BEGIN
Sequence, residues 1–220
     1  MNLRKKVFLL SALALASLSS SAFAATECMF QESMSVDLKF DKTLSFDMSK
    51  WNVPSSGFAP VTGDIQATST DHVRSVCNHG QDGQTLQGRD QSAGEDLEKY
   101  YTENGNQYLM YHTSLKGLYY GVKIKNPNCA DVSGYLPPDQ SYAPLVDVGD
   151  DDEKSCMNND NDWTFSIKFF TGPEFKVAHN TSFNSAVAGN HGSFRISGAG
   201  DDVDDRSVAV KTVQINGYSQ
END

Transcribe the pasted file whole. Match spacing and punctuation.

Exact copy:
Sequence, residues 1–220
     1  MNLRKKVFLL SALALASLSS SAFAATECMF QESMSVDLKF DKTLSFDMSK
    51  WNVPSSGFAP VTGDIQATST DHVRSVCNHG QDGQTLQGRD QSAGEDLEKY
   101  YTENGNQYLM YHTSLKGLYY GVKIKNPNCA DVSGYLPPDQ SYAPLVDVGD
   151  DDEKSCMNND NDWTFSIKFF TGPEFKVAHN TSFNSAVAGN HGSFRISGAG
   201  DDVDDRSVAV KTVQINGYSQ